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The original purpose of regimental "colours" or flags was to indicate the rallying points of troops on the battlefield. The loss of the colours was an actual and symbolic loss for a regiment because it was frequently a mark of failure. Fighting in their vicinity often proved to be the most fierce as the enemy sought to secure them and their owners fought to prevent their capture. The tradition of embellishing basic flags with labels naming specific campaigns engaged in by the regiment is a post-medieval phenomenon, and anyone visiting a British cathedral is likely to come upon such colours in one of its many chapels.
Worcester Cathedral's St George's Chapel, not unnaturally, holds a collection of the colours of battalions of the Worcester Regiment. In 1970 it was was amalgamated with the Sherwood Foresters and ceased to be a distinct regiment. The chapel at the cathedral holds flags that date back to the nineteenth century, as well as those from the First and Second World Wars. Light and time inevitably take their toll on the material of the flags and the examples shown in today's photograph are typically discoloured and threadbare, qualities that help the viewer to better understand the passage of time since they were carried into battle.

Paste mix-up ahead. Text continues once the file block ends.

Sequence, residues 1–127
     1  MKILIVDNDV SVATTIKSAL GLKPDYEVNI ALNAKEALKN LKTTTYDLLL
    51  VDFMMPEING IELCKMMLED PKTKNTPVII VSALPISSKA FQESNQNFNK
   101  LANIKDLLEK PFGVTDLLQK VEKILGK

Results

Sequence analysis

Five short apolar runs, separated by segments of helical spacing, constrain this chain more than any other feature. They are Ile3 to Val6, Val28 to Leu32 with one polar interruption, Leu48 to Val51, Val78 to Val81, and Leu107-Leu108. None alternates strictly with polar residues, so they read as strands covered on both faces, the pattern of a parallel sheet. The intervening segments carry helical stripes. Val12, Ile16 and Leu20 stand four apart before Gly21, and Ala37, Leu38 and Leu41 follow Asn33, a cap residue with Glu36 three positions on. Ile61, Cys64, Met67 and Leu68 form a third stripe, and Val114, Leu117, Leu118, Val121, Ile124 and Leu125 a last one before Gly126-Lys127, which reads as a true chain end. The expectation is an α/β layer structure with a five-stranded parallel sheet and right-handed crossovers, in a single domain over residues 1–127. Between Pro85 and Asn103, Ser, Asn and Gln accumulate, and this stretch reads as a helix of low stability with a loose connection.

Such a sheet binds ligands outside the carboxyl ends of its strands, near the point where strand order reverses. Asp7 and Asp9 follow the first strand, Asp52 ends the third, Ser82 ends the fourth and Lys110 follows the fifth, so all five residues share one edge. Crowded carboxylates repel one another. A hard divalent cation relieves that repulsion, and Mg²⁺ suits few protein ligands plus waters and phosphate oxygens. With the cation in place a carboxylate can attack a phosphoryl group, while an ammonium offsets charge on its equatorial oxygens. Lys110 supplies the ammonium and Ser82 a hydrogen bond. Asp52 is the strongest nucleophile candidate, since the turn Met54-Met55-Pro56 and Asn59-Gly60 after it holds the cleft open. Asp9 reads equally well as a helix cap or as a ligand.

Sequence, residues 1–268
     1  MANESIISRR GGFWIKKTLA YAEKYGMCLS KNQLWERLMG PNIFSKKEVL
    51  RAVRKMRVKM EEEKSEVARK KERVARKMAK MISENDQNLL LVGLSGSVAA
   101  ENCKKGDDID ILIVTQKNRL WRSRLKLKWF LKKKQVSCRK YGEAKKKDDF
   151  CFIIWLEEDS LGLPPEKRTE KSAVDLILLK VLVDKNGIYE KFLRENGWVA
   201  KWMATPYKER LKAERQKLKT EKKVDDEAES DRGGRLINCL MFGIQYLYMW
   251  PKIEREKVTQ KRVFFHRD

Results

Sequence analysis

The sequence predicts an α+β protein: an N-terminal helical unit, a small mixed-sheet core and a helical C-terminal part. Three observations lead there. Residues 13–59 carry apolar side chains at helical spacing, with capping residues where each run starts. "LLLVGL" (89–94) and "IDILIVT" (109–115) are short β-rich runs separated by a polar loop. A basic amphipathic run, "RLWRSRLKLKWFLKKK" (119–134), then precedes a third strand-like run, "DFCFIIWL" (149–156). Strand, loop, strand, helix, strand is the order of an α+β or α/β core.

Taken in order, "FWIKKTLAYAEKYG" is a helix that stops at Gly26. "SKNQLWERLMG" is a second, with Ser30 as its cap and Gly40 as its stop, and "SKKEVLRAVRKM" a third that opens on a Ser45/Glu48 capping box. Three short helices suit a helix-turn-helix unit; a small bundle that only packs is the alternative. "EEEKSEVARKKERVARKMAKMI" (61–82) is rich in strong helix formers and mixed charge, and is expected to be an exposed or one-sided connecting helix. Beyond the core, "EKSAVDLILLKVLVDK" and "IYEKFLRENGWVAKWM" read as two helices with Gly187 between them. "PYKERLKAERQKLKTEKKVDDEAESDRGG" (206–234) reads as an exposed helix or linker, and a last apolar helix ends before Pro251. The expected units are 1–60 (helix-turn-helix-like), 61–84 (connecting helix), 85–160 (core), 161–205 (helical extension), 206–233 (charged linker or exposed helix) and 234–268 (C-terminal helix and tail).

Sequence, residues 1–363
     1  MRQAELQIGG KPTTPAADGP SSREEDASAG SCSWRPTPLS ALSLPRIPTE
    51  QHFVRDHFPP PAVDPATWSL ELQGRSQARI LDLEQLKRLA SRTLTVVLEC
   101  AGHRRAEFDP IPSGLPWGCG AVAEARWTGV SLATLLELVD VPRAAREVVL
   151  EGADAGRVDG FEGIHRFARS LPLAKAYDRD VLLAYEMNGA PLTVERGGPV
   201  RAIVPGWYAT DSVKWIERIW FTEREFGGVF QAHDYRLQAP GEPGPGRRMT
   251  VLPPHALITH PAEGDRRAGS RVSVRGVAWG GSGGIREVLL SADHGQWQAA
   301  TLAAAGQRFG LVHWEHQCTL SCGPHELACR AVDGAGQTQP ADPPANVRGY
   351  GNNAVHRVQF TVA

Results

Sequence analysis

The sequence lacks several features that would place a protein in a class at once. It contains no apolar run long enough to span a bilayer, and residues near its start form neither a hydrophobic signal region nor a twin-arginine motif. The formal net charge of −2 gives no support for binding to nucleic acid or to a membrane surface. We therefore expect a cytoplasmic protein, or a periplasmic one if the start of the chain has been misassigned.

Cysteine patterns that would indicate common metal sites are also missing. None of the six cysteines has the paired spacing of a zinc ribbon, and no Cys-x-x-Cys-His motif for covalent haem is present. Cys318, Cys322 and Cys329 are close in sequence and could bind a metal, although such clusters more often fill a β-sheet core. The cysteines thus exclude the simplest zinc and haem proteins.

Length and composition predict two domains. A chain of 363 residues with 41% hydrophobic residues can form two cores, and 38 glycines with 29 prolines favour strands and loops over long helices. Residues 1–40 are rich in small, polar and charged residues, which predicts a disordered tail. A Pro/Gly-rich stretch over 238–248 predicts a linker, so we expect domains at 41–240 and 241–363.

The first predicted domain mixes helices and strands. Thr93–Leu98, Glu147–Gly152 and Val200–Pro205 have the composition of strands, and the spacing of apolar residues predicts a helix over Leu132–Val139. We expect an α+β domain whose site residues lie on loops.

photograph and text © Tony Boughen
Camera: Sony RX100
Mode: Aperture Priority
Focal Length: 19.3mm (52mm - 35mm equiv.)
F No: f3.5
Shutter Speed: 1/13
Exposure Compensation: 0 EV
Image Stabilisation: On